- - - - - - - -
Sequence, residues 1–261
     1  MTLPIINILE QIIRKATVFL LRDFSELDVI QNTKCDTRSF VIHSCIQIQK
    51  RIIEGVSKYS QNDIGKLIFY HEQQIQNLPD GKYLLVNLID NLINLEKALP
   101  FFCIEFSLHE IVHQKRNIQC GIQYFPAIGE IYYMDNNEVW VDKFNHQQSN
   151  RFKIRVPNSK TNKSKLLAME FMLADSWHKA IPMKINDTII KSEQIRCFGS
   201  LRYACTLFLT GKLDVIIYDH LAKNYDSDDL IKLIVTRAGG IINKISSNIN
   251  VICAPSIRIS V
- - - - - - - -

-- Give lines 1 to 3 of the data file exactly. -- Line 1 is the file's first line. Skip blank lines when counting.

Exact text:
Sequence, residues 1–261
     1  MTLPIINILE QIIRKATVFL LRDFSELDVI QNTKCDTRSF VIHSCIQIQK
    51  RIIEGVSKYS QNDIGKLIFY HEQQIQNLPD GKYLLVNLID NLINLEKALP